Concerto for Violin and Orchestra

Samuel Adler

Duration: 00:20:00
Publisher: Theodore Presser Company
Print Status: Rental

Quick Overview

After writing 15 concertos for many different instruments during the past twenty years, I finally wrote a violin concerto which was informed by the many previous works of that nature, and a great joy to write. It is difficult to write for your own instrument since I was a violinist myself, and so in this work I took great care to have this concerto be a true collaboration between soloist and orchestra. While the violinist is always featured, the orchestra plays an important role, not just as an accompanist but rather as an antagonist to the soloist?s protagonist. The first movement is a fast and furious one relieved often with portions of lyricism both by the soloist and the orchestra. I felt that it should picture my happiness in having performed on the violin all my life. The second movement is what I would call variations on a ?simple song?. This is not a quotation of a preexisting tune but one that I composed to give the feeling of the beauty of nature, the innocence of childhood, and the expression of calmness, which can come from hearing music. A Cadenza between the second and third movements is actually an introduction to the last movement, and is to lead to that movement without a pause. The last movement, like the first, is a virtuosic display for both the soloist as well as the orchestra. A dance-like feeling pervades the entire movement and brings the work to a boisterous close.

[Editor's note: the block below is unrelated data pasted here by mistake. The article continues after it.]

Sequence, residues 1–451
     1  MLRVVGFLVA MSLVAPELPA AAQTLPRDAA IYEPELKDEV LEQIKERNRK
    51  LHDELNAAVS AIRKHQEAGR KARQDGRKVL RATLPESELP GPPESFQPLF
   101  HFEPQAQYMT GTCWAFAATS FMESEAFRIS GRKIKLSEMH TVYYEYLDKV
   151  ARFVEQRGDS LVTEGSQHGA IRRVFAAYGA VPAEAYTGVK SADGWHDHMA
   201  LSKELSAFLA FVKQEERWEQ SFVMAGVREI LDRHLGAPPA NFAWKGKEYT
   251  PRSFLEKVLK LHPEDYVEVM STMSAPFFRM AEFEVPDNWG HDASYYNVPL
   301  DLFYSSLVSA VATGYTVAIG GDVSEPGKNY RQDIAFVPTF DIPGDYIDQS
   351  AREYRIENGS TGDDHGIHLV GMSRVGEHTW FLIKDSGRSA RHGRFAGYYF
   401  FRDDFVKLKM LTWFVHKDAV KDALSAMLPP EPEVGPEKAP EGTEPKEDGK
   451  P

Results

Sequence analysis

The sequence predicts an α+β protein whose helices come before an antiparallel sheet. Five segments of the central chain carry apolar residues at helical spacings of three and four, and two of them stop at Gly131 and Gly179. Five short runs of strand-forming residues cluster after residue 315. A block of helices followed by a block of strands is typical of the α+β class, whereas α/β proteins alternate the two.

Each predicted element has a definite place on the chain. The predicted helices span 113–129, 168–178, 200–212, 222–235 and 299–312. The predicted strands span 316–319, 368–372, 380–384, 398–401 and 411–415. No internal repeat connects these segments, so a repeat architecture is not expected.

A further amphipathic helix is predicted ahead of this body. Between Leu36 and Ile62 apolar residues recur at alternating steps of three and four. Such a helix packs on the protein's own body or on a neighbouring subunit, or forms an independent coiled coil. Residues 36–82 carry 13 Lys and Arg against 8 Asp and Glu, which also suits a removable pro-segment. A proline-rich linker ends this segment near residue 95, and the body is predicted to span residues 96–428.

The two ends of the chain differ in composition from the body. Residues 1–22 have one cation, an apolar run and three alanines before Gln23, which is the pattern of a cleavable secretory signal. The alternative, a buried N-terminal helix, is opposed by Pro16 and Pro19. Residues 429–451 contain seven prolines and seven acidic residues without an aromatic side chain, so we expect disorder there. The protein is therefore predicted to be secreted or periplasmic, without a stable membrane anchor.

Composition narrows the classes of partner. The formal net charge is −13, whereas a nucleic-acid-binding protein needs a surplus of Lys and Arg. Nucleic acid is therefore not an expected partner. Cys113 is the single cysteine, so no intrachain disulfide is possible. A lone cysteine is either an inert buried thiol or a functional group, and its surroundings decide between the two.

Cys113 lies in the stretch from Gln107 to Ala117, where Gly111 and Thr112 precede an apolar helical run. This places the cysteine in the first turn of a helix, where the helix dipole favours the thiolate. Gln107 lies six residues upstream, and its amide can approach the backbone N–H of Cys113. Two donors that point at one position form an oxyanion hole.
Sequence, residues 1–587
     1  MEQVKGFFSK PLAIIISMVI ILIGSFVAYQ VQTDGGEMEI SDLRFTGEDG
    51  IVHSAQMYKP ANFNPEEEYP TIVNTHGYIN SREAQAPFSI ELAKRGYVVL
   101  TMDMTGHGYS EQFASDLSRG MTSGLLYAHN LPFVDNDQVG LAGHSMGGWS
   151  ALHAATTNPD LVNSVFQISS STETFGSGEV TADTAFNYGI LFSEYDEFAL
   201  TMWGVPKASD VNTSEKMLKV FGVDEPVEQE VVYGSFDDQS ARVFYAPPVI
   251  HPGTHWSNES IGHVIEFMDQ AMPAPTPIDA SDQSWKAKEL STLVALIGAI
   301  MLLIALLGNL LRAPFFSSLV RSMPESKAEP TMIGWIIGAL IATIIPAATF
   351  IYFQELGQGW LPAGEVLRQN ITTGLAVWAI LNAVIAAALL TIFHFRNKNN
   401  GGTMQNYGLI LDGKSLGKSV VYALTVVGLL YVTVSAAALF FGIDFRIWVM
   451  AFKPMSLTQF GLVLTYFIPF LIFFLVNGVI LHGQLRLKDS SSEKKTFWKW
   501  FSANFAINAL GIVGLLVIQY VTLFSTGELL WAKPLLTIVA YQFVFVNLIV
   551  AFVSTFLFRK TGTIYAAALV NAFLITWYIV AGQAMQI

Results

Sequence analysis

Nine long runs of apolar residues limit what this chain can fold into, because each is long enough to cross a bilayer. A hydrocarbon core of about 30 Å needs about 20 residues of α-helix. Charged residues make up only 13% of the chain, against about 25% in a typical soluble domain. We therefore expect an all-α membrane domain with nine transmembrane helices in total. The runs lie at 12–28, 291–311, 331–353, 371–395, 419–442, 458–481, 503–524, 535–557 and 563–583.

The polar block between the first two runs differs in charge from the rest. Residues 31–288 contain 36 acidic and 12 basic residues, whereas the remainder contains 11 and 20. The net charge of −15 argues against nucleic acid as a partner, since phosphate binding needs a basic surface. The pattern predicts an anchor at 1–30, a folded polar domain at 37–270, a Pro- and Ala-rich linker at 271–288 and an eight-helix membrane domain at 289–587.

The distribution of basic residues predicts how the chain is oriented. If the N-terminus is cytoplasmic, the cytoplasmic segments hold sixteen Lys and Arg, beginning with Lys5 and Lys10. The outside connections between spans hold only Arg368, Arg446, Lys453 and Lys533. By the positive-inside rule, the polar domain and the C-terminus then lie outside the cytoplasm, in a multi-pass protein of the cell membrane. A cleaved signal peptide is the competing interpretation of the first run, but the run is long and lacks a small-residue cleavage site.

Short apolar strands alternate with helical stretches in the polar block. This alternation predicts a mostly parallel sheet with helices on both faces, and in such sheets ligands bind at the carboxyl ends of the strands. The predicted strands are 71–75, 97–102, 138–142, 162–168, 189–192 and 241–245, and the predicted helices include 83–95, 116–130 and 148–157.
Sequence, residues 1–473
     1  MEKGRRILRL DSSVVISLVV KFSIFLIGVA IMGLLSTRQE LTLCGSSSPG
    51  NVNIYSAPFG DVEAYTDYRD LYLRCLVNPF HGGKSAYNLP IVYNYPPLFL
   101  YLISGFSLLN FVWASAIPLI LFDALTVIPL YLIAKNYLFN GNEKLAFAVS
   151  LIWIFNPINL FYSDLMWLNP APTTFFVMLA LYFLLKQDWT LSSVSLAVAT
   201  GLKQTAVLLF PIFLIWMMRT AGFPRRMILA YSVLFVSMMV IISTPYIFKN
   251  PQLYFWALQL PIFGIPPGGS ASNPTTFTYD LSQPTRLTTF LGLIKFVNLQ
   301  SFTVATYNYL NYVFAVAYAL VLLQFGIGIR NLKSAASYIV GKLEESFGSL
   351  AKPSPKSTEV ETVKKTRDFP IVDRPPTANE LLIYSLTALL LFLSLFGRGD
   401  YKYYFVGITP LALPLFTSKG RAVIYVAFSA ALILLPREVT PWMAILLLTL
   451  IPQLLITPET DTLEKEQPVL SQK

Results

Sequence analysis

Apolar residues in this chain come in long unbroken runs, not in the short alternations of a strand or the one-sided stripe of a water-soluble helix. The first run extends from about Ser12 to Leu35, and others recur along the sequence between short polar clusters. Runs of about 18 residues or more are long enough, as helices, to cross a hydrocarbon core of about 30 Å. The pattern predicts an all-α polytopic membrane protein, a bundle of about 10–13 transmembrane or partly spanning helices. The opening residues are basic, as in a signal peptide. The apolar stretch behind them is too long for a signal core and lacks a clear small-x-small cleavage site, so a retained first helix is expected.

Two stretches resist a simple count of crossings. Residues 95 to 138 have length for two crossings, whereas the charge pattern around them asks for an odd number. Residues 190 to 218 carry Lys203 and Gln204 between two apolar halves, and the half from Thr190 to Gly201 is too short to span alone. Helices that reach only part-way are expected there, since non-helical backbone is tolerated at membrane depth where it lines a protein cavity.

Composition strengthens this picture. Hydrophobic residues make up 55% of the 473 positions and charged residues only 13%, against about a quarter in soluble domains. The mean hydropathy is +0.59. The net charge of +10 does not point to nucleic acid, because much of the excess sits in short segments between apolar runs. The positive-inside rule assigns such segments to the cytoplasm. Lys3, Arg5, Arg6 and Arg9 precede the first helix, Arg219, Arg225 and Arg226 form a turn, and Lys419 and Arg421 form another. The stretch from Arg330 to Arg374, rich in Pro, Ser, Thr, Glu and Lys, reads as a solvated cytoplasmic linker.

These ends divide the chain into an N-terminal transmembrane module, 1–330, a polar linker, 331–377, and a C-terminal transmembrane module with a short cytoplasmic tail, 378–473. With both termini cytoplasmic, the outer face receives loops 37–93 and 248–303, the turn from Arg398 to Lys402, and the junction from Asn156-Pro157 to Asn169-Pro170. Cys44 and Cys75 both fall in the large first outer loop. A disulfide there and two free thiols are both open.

Additional Information

Commission Commissioned by the Rotary Club of Tulsa, OK for the 15th Anniversary of the Crescendo Music Awards
Composition Date 2012
Orchestration Solo Vn.; 3(Picc.) 2 3(B.Cl.) 2 - 4 3 3(B.Tbn.) 0; Timp. 3Perc. Str.
Premiere Tulsa, OK Tulsa Symphony Orchestra Siwoo Kim, soloist

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